December 17, 2007
Caps at Red Wings - Caps lose in shootout, 4-3
Like the Ottawa game before it, this was one for which the Caps were expected to merely show up and take the loss standing up. A good showing was all many people were hoping for - just don't get blown out on national television and live to fight another day.

The Caps again proved that they're nobody's underdog, though, matching the powerful Red Wings punch for punch. The Wings might have come out a bit sluggish and the Caps took a surprising lead into the first intermission, but like any good team Detroit regrouped and showed why they're the best in the league. A Semin goal in the waning minutes of the third sent it to overtime, and then a shootout, where the Caps were a goalpost away from making it interesting before the Detroit arsenal went to work.

The next day, though, there was nothing but respect (if not badly veiled surprise) from many members of the Red Wings organization and the media at large. It was a loss but one that gave the Caps and their fans a bit more confidence that they could, in fact, compete with the best.

5 Storylines
Glen Hanlon fired
The writing was seemingly on the wall for a long time. The Caps, after shooting out of the gate with a remarkable 3-0 record, had stumbled to the bottom of the league and stayed there. Scattered wins broken up by lengthy losing streaks set off the calls for Hanlon's job and it seemed to be only a matter of time before a regime change was in order.

Time was up when the Caps dropped their fifth straight, a season high, in a sluggish loss to division rivals. Chants of "Fire Hanlon" were louder than any other that night and sure enough, the next morning he was removed and replaced by Boudreau.

Hanlon's legacy in DC shouldn't be defined by the early stumbles of the team in this campaign. Rather it should reflect all the wonderful things he did with a young, developing team in the years after the lockout. The Caps became known for their work ethic and their talented young players - and it was because of Hanlon that this reputation grew. He was the perfect coach for that particular team at that particular moment, and that much should never be forgotten.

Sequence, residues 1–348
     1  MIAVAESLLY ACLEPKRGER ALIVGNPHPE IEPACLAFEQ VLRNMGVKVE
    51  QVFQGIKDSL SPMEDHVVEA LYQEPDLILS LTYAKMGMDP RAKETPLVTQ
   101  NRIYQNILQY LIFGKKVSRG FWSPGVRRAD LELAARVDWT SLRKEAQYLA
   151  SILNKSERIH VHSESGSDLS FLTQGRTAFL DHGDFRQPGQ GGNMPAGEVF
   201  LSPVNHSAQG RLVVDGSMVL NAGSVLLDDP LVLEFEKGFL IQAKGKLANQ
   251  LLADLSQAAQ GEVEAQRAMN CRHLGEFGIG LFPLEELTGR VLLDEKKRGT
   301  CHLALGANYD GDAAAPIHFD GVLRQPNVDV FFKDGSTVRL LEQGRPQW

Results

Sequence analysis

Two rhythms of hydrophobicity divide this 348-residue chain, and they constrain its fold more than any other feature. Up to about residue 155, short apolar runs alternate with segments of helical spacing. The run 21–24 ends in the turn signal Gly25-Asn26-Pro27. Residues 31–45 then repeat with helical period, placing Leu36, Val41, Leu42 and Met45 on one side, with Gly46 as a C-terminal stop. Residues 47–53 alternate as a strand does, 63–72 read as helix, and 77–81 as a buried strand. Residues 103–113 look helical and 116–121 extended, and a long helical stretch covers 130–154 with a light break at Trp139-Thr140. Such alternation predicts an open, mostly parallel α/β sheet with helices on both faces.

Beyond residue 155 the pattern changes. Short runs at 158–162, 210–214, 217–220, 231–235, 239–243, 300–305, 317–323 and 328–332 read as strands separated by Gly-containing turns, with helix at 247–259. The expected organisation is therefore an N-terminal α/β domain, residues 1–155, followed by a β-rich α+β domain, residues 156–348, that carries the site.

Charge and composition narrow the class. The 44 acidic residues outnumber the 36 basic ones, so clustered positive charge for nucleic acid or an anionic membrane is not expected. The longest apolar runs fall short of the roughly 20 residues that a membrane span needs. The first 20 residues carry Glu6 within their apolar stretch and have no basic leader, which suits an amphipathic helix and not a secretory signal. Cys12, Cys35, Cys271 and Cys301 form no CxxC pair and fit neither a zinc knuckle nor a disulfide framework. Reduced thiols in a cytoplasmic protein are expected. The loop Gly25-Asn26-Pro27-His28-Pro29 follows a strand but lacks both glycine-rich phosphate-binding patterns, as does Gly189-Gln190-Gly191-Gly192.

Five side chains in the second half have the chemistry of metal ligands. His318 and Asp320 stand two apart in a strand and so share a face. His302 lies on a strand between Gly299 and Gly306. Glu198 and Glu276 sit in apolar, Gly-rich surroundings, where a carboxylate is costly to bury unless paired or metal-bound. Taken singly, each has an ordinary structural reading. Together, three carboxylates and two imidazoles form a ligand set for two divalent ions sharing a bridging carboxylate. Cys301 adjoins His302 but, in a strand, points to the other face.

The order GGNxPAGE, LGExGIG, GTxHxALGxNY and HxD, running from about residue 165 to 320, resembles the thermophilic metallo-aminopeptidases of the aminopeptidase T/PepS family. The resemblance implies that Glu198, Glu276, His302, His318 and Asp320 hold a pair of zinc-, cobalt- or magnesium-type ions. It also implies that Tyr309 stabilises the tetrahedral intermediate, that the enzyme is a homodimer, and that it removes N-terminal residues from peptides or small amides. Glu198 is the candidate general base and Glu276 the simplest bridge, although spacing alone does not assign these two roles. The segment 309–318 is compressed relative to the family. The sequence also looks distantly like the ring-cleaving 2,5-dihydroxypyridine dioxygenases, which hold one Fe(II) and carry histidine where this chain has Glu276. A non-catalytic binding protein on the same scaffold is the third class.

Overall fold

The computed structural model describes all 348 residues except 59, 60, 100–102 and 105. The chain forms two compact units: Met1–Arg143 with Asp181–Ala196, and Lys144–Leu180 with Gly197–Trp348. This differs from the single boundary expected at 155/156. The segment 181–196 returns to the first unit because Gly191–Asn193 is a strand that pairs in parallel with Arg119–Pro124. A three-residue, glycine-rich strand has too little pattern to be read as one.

Mike Green Arrives
Mike Green has long been one of those "someday" stories for the Caps. Drafted in the first round of the '04 draft yet overshadowed by a certain Russian taken first in that same draft, Green's potential was there but the results had yet to be seen on the ice.

He came into training camp this year with a vengeance, though, and proceeded to blow people away with his performance. A heated battle for the six defensemen slots was raging and yet there seemed to be no question that Green belonged. Stronger and more confident, he stood out in the early preseason as someone who was coming into his own.

The real shift came, however, when Boudreau stepped in. Suddenly Green was playing more minutes - and earning them. He was making plays on both ends of the ice, including stunning offensive displays that were reminiscent of Paul Coffey in his prime. And while he still continues to grow and develop, learning to take the stupid mistakes out of his game and play better in his own end, his offensive production and solid defense are quietly making him known around the league.

Alex Ovechkin's Evolution
From the start, Ovechkin has cultivated a reputation as being a dominant power forward with a killer shot, great hands, and the ability to run over opponents without a second thought. But after a 100+ point rookie season he seemed to fall victim to the sophomore jinx, and both of his first two seasons were tempered by a somewhat casual relationship with defensive responsibility.